There’s quite a buzz over what went on at the Stockton Ports game the other day. From the Stockton Record:

It came from over the center-field wall during the top of the fourth inning, a dark cloud headed straight for home plate.

Bees. Perhaps 20,000 of them.

Players dived into the dirt or sprinted for the dugout, while the public address announcer asked the crowd to stay calm.

“I just saw something fuzzy coming. And then I heard the buzzing. I thought, oh (expletive), bees!” Stockton Ports manager Webster Garrison said, recalling the dramatic five-minute interruption in Sunday afternoon’s game. “I saw everybody hitting the deck and players running, and both dugouts scattering, fans starting to scatter. It was just a weird situation.”

Someone at the game posted a video of players hitting the deck, with this introduction…

“A huge swarm of bees crosses the playing field at the Stockton Ports game. I though the players were doing some kind of baseball planking joke but as the bee’s reached me I turned off the camera and got down low.”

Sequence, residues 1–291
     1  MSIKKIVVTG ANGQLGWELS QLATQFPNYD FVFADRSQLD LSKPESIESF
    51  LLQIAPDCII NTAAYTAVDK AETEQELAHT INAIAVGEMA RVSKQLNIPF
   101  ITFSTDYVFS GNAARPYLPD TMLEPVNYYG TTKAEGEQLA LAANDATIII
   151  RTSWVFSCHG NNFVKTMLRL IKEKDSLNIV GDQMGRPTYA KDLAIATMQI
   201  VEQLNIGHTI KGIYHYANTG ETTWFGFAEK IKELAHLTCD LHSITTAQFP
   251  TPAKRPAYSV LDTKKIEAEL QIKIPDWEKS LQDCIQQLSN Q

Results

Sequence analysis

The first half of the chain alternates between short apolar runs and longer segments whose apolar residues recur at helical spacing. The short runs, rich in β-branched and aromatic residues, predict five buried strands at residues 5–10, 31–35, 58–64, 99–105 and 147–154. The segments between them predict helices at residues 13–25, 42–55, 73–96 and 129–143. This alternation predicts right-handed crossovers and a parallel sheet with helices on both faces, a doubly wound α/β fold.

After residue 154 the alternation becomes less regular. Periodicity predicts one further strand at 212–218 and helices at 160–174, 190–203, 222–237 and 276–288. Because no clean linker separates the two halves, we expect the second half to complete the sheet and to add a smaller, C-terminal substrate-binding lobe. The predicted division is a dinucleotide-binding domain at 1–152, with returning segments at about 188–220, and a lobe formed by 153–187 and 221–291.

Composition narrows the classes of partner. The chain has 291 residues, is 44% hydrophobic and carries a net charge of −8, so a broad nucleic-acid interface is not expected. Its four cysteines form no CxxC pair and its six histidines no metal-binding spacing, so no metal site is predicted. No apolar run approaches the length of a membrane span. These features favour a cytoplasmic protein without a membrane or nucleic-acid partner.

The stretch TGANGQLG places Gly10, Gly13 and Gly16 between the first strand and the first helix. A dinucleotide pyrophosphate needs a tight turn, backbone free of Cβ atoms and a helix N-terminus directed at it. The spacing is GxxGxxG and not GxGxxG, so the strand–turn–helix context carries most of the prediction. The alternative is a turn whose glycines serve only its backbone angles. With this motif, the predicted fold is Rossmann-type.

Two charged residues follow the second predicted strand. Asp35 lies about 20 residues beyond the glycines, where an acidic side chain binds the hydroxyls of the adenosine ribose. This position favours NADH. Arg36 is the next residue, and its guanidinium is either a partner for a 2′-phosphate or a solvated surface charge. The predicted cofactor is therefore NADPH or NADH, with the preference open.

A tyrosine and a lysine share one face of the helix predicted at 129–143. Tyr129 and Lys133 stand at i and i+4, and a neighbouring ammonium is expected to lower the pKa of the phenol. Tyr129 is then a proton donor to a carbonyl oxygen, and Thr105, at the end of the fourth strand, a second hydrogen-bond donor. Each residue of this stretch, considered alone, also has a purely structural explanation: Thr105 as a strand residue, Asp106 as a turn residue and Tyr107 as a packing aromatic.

After the swarm buzzed off and headed over to a tree in the parking lot, the team called in an exterminator for a de-beeing. Some folks didn’t like that, according to reporter Alex Breitler

Four people called Tuesday to complain about the apparent extermination of that swarm of bees which descended on the Stockton Ballpark during a Ports game over the weekend…

Callers want to know why a beekeeper wasn’t consulted. Some beekeepers will drive out and collect bee swarms, putting them to beneficial use instead of eradicating them…

Ports President Pat Filippone, quoted as saying the exterminator “came out and zapped them (the bees),” said Tuesday he hasn’t heard any concern from the community. He added that all he knows is the bees were removed by an exterminator — he can’t say for certain how they were killed, or even whether they were killed.

I’ve called the exterminator to ask what the ultimate outcome was — will post here if I get an explanation.

Author

Jon Brooks

Jon Brooks writes mostly on film for KQED Arts. He is also an online editor and writer for KQED's daily news blog, News Fix. Jon is a playwright whose work has been produced in San Francisco, New York, Italy, and around the U.S.

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